Re "Private pain made public," Opinion, May 24 I can understand Meghan Daum's qualms regarding the public dissemination of information about a personal medical crisis such as that suffered by Aimee Copeland, who contracted necrotizing fasciitis. However, I can equally imagine that the blog Aimee's father wrote during her ordeal was the way he was able to cope with the horrifying spectacle of the body of his daughter being systematically hacked away, piece by precious piece.
HEALTH
April 4, 2011 | By Melissa Healy, Los Angeles Times
Across cultures and language divides, people talk about the sting of social rejection as if it were a physical pain. We feel "burned" by a partner's infidelity, "wounded" by a friend's harsh words, "crushed" when a loved one fails us, "heartache" when spurned by a lover. There's a reason for that linguistic conflation, says a growing community of pain researchers: In our brains too, physical and social pain share much the same neural circuitry. In many ways, in fact, your brain may scarcely make a distinction between a verbal and physical insult.
ENTERTAINMENT
September 8, 2012 | By Mark Olsen
TORONTO -- An offbeat mix of fable and satire, “The Brass Teapot” is based around the idea that a teapot is passed through the centuries with an alluring but evil power. It rewards its owners for inflicting pain, filling with money as whoever possesses it commits more and more unspeakable acts. From Attila the Hun to Hitler it has passed through many hands before it winds up with a rather hapless, down-on-their luck couple (Juno Temple, Michael Angarano). Premiering Saturday afternoon, the film is the feature debut of longtime commercial and music video director Ramaa Mosley, who found writer Tim Macy and his short story after googling “best short story.” The pair struck up an online conversation that led to adapting the story first into a comic book and then a screenplay.
HEALTH
March 28, 2014 | By Lily Dayton
Starting in her 30s, Barbara Schulties began suffering from debilitating headaches, which she describes as "someone taking a hot poker to my eye. " Besides excruciating head pain, the Santa Cruz resident lists a host of accompanying symptoms: nausea, vomiting, dizziness, difficulty focusing and hypersensitivity to light, noise and even wind on her face. "I can't spell," she says, describing a typical headache. "It's very hard for me to visualize words. " Like 12% of people in the U.S., and 1 out of 3 women over a lifetime, Schulties suffers from migraine disorder, an inherited condition that affects the regulation of nerve signals in the brain.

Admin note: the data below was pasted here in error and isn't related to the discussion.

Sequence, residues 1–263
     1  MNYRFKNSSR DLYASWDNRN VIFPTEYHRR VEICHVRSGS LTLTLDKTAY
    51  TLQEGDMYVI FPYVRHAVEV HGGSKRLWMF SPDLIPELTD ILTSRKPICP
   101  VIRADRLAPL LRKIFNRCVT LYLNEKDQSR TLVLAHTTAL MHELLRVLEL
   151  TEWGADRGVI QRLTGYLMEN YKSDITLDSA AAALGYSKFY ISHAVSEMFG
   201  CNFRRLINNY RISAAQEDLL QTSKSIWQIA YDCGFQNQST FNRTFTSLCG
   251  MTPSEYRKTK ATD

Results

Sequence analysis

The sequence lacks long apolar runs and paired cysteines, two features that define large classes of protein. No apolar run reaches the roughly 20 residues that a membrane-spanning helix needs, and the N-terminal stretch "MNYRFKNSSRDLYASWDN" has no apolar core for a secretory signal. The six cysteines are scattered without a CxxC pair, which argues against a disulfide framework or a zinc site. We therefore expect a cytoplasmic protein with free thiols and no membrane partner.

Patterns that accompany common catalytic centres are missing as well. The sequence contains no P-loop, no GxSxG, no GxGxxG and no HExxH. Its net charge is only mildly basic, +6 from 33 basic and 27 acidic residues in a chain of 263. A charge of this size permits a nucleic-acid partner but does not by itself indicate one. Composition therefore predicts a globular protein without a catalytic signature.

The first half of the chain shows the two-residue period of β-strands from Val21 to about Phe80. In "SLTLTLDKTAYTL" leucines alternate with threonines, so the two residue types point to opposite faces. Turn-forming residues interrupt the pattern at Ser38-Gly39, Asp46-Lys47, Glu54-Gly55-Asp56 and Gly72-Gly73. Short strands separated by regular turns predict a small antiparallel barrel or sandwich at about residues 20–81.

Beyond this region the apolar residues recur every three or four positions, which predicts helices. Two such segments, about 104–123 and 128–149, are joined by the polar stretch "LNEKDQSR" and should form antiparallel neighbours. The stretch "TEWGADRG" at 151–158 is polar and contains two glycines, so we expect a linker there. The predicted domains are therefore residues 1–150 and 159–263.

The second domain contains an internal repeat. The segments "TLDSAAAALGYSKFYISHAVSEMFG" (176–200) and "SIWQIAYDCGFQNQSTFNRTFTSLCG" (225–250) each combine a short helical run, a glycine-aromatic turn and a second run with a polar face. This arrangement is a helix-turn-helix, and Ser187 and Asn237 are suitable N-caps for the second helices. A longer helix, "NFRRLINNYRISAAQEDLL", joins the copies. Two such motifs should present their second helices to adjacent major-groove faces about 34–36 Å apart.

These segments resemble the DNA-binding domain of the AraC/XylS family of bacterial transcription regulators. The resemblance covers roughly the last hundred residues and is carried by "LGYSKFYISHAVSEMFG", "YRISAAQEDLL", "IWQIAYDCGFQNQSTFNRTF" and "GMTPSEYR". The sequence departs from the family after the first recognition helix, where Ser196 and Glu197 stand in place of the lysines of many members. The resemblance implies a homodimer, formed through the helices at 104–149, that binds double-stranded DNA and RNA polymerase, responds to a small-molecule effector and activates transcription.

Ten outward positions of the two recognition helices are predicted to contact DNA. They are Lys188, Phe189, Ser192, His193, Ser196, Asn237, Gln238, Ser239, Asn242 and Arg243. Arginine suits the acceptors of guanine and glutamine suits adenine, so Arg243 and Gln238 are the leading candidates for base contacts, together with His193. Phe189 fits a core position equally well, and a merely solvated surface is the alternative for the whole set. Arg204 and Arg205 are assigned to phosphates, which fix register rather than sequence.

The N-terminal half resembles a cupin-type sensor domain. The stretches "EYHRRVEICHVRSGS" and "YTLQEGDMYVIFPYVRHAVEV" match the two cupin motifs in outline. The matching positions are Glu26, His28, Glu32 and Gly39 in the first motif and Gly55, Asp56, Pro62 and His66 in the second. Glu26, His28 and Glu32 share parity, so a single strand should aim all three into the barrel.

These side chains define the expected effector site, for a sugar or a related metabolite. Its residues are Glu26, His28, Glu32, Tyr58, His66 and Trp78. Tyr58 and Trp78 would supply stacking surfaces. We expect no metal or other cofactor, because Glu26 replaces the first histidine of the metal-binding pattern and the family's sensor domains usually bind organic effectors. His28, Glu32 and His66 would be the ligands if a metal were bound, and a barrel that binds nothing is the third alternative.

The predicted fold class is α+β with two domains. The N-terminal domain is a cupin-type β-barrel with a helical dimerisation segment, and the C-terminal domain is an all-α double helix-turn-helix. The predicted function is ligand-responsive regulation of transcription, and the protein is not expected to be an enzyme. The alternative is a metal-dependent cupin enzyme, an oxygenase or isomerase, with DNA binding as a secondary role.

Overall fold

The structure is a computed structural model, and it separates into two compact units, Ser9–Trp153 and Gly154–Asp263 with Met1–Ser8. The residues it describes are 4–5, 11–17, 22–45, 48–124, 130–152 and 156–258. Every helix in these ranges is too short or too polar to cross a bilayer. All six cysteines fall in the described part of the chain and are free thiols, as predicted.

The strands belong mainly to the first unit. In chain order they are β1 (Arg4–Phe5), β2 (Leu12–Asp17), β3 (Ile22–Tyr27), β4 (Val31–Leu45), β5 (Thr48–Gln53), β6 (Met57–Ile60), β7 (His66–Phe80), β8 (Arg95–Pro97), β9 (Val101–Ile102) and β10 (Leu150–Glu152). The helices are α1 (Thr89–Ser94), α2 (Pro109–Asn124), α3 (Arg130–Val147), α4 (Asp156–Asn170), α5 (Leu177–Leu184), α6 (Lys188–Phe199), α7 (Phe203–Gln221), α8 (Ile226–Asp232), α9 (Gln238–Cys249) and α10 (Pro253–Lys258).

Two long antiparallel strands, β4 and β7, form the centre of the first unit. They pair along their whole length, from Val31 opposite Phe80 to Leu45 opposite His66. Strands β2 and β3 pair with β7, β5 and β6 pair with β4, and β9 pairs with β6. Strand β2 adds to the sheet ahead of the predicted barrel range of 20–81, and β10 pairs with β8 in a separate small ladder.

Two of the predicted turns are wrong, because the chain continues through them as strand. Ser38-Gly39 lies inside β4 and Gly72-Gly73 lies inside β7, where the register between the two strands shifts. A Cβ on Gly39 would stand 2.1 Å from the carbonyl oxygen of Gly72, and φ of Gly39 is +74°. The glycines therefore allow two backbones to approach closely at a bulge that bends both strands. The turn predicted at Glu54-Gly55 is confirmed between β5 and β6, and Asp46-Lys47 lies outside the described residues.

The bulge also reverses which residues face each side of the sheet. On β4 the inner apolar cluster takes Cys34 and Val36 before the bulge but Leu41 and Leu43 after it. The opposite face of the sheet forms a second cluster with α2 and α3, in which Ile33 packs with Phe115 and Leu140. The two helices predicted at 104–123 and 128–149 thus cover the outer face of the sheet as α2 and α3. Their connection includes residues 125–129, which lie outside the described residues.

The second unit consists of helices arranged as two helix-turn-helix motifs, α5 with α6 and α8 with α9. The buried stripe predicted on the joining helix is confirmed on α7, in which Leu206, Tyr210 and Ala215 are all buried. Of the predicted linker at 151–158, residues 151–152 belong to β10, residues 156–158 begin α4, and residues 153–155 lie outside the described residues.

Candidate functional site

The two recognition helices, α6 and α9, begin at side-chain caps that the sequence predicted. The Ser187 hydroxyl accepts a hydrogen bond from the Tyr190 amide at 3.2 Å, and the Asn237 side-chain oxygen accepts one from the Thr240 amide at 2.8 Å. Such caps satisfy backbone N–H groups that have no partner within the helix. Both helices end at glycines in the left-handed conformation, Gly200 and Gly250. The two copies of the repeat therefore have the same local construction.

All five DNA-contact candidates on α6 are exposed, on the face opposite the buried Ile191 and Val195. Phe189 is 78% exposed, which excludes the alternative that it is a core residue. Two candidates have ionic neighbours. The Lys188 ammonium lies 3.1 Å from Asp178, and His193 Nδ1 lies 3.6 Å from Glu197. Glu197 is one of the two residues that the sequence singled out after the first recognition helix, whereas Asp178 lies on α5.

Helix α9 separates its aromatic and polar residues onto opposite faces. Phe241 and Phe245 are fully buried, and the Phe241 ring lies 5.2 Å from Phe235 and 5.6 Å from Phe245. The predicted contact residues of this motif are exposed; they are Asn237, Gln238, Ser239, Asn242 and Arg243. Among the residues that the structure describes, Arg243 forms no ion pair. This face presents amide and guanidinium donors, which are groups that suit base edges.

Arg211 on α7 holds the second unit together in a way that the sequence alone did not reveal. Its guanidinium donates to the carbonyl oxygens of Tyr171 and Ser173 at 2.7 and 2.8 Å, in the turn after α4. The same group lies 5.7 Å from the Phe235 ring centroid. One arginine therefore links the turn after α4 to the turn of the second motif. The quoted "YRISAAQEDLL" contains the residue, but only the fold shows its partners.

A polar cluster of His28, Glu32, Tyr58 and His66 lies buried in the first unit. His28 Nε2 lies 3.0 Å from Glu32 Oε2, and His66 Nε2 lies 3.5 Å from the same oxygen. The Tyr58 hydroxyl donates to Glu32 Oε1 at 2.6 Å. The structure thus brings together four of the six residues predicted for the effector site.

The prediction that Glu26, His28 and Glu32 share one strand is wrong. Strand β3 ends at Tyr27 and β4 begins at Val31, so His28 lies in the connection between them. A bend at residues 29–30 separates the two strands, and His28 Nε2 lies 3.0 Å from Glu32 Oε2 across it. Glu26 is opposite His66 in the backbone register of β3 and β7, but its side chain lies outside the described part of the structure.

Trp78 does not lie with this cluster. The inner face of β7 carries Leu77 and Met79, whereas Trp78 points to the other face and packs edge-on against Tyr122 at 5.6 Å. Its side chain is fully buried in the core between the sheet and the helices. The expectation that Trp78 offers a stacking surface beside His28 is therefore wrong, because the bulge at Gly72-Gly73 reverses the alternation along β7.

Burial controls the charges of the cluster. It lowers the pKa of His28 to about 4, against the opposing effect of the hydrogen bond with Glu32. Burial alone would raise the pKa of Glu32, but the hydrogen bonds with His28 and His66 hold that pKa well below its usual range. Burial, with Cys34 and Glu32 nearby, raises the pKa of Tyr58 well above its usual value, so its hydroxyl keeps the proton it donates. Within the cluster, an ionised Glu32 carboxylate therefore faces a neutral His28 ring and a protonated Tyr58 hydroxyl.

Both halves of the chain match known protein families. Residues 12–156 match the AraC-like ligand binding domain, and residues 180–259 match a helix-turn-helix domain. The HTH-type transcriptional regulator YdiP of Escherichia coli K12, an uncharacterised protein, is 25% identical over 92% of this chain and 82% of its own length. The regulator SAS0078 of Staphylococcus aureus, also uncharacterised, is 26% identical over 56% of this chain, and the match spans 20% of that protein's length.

TRAVEL
March 23, 2014 | By Jen Leo
Whoever said you can't save both time and money hasn't tried this parking app. Name: ParkMe Parking Available for: Android, iPhone, iPad and iPod Touch What it does: Provides a "heat map" of real-time parking spaces in lots and garages that are available in 1,800 cities around the world. Sometimes you can pay in advance to reserve a spot. Cost: Free What's hot: Great for business and leisure travelers alike. The app and Web version ( www.ParkMe.com )
CALIFORNIA | LOCAL
March 21, 2014 | By Scott Glover and Lisa Girion
An Orange County pain doctor caused the deaths of three patients by negligently prescribing them powerful narcotics, state medical authorities said in a complaint made public Friday. The Medical Board of California is seeking to suspend or revoke the license of Dr. Van H. Vu, who was linked to more than a dozen patient overdose deaths by a Times investigation in 2012. The medical board alleged Vu was grossly negligent in the deaths of a 22-year-old woman who had been planning her wedding, a 43-year-old mentally ill man who was prescribed drugs by Vu the day he was released from a hospital after an earlier overdose, and a 51-year-old single father who became addicted to pain drugs after a car accident.
SPORTS
March 19, 2014 | By David Wharton
Arnold Palmer will miss having Tiger Woods at his Bay Hill tournament this week, but says he sympathizes with the ailing golfer. "He called me to tell me that his back was still giving him a lot of trouble and he didn't feel he should play," Palmer said in a statement. "I told him I understood and wished him well. " Back spasms have pestered Woods since the Barclays last summer. Pain recently forced him to withdraw from the Honda Classic, and he was visibly hurting during the WGC-Cadillac Championship.